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Woodwork 

Winter 2013-2014

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Modern Mission Cabinet

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Modern Mission Cabinet

Simple jigs create stylish joints.

By Tim Johnson

My dog’s energetic tail inspired this cabinet. Anything within wagging range was endangered, including a number of my favorite antique toys. After one-too-many near misses, I decided to move these small treasures to safety—above the wag line and behind glass. The cabinet I built for them measures about 27 in. wide by 32 in. tall, so it’s small enough to fit just about anywhere.

This elegant cabinet is deceptively easy to build, thanks to a couple of jigs that make quick work of the most challenging joinery: the doors’ mitered, half-lapped muntins. The cabinet itself assembles with biscuits; the door frames use simple loose-tenon joinery.

I spent about $110 for top-grade cherry, but most of the cabinet parts are short or narrow, so you can save money by buying lower-grade boards and cutting around knots. The door panels provide a perfect setting for one of your treasure boards—I’ve been saving the piece of spalted maple that I used to make my panels for years. I paid $15 for a 2-ft. x 4-ft. sheet of 1/4-in. cherry plywood to make the back.

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The door frames assemble with splines that fit in centered grooves. First rout grooves in the inside edges of all the stiles and rails. Then use a sled to rout grooves in the ends of the rails.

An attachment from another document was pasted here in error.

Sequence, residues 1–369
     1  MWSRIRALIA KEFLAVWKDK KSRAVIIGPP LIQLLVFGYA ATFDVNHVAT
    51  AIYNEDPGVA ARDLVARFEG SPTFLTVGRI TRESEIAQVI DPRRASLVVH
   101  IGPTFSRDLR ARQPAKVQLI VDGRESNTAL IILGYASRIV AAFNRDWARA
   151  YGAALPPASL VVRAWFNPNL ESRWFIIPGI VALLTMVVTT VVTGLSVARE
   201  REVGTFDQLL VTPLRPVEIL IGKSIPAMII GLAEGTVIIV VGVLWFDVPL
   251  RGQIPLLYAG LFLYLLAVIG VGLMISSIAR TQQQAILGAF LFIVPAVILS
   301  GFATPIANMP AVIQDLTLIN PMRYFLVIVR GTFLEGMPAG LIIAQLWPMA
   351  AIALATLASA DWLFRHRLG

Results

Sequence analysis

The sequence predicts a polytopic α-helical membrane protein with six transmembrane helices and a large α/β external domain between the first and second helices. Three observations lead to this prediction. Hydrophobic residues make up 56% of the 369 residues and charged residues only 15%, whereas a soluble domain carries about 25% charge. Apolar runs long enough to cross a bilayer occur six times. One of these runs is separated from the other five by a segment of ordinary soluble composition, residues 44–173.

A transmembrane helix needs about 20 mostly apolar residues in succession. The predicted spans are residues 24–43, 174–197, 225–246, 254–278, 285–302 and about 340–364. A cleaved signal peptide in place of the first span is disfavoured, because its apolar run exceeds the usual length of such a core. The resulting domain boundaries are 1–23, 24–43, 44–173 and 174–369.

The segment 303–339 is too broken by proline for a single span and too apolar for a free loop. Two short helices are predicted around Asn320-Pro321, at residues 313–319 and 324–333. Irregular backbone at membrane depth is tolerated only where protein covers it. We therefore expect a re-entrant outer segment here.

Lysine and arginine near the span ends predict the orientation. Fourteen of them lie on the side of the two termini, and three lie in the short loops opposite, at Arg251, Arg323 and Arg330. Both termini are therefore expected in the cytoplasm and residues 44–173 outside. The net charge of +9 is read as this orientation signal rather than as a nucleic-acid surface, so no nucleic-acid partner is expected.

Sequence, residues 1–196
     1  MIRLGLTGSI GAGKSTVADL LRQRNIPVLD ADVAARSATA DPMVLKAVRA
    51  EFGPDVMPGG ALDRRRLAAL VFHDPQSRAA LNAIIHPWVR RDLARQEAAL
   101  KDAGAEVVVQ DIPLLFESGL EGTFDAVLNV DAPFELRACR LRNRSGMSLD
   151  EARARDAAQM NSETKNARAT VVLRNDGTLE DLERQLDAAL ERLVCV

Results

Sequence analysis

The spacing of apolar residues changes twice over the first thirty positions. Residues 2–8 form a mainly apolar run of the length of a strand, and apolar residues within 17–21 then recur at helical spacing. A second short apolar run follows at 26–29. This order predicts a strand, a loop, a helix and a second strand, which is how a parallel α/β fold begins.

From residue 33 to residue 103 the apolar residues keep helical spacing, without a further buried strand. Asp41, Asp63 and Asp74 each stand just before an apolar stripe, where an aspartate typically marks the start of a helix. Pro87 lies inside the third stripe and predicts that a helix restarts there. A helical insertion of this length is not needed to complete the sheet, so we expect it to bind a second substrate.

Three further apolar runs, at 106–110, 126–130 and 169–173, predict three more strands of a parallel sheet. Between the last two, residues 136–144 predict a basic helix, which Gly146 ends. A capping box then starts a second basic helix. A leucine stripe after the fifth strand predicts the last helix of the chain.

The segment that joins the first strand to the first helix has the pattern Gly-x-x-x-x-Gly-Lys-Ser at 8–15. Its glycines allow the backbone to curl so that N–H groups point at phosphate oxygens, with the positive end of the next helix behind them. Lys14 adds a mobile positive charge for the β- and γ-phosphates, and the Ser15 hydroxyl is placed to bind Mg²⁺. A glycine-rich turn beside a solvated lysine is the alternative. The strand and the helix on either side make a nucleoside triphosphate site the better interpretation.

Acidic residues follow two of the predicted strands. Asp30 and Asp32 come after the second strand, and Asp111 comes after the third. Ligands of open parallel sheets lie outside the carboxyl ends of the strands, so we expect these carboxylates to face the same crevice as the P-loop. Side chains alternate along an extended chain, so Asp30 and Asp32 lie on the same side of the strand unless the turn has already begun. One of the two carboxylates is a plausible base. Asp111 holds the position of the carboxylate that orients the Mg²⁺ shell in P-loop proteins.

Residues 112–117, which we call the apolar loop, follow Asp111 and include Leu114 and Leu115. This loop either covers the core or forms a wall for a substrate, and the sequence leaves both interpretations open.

Resaw a board to make panels for the doors. Opening the two resawn pieces like a book reveals mirror-image, book-matched panels. Assemble the doors after fitting the panels.


Rout rabbets for glass in both assembled doors. Install an oversize bearing so the rabbet matches the groove’s depth. Position the bit so the top of its cut is centered in the groove. Routing simply removes the lower lip.


To rout the mitered rabbets, clamp the rabbeting jig at the center of the glass opening on each stile and rail.


Rout tiny rabbets with a tiny straight bit. The jig’s rails guide the router so the bit cuts just shy of the jig’s mitered notch.


Finish each mitered rabbet by paring it flush with the shoulders of the notch.


The mitering jig stabilizes the thin, slender muntins so you can accurately miter the ends. First, rough-cut the miters on the vertical muntins.


Pare the mitered ends, using the jig to support the chisel. Pare each vertical muntin to final length by test-fitting it in the door’s mitered rabbets.


Saw half-laps on the ends of each mitered muntin using the mitering jig, your miter gauge and the rip fence. You can dial in the exact width of the rabbet by adjusting the fence, but it’s best to play it safe and make this cut slightly undersize. 


Pare the half-lap rabbets to fit, using the square end of the jig.


Use the centerpoints of the mitered rabbets in the stiles to locate the rabbets on the vertical muntin.


To cut mitered rabbets on the vertical muntins, simply add a spacer to the rabbeting jig. A muntin blank is the perfect size.


Saw, pare and rabbet the horizontal muntins to fit. Voila! You’ve created a stylish, sturdy divided-light door.










This story originally appeared in American Woodworker September 2006, issue #123.

September 2006, issue #123

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